FX Options & Positioning
FX option expiries and related delta hedging flows can influence FX price action, so it's worth knowing where the interest resides, and there are plenty this week according to Reuters options reporting.
DTCC-reported FX option data is telling when it comes to the outlook for USDCNH. The data shows traded USDCNH FX option volumes are at levels last seen in February 2020 – $38 billion last week. But more telling is the huge increase in USD put/CNH call volumes – options that give holder the right to sell USDCNH at lower levels. They reached highs since November 2019 last week, with over $23 billion traded. DTCC data also show the actual strikes that are trading in the FX options market, with 6.50 through 6.35 proving popular. These strikes are where holders can sell USDCNH, which if it keeps falling, can reap rewards. The most popular strike is 6.5000, with expiries through December and January, with 6.35 and even 6.30 strike expiries mostly set for early 2021. FX option market flows show that traders are concerned about continued USDCNH losses and are prepared to commit premium to protect against/benefit from deeper declines.
EURUSD FX options turned bullish last week, raising prices for upside protection as demand for EUR call strikes increased, but that pricing has peaked for now, suggesting the options may see limited potential for the current rally to extend much further.Implied volatility, which gauges future actual volatility and determines option premium, fell from 8.5 to 6.5 after initial U.S. election volatility on Nov. 3-4, before regaining a 7.3 peak in Asia Monday – it's been sold at 6.9 in early London. Risk reversals saw EUR calls (topside strikes) regain a 0.35 premium over EUR puts (downside strikes), but that has also now peaked. A EUR call risk-reversals premium would typically lift implied volatility as the EURUSD spot rate gained, so the fact traders are choosing to sell implied volatility fits with the narrative that EURUSD spot gains may be peaking for now.There's a massive 3.1 billion euros at 1.1900 expiry today, the hedging of which can contain and cap price action near term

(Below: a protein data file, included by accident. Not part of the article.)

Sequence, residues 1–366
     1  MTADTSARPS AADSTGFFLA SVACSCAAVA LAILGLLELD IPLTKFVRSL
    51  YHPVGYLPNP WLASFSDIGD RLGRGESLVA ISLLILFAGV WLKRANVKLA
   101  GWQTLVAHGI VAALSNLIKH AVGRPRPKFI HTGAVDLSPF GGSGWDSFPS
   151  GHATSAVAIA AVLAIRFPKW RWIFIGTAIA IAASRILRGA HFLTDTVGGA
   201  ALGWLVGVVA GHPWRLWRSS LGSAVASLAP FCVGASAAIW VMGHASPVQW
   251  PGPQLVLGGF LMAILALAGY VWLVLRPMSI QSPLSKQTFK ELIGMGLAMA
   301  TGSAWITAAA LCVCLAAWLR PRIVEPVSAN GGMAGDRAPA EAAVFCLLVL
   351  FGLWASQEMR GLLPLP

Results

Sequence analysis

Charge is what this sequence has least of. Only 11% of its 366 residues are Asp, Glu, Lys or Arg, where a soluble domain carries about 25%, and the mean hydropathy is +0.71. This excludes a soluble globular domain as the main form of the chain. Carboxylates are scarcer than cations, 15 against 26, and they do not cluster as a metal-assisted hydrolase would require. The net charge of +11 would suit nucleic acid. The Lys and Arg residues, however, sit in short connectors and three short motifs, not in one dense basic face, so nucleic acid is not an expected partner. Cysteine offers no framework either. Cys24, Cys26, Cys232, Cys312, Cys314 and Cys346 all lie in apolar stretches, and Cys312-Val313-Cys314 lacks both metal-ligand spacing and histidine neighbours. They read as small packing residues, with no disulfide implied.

According to Credit Agricol’s FX positioning gauge, the EUR was sold last week with selling largely reflected in IMM data. While this suggests most selling occurred ahead of the US election, the latest development was sufficient to help the EUR enter less overbought territory. Although this stands in contrast to price action later last week, positioning as it stands does not stand against further upside going forward. While this makes sense on the back of reduced political uncertainty as related to the US, our positioning model suggests EUR/USD should be bought. Elsewhere, the AUD was sold. Similar to the EUR, most selling interest may have occurred ahead of the US election with in-house data suggesting it was short-term oriented clients such as hedge funds selling the currency. Although the AUD rebounded in tandem with better risk sentiment in the aftermath of the US election, positioning as it stands suggests the currency is trading nowhere close to oversold territory. On the contrary, based on our positioning model, AUD/USD should be bought, at least in the short term.
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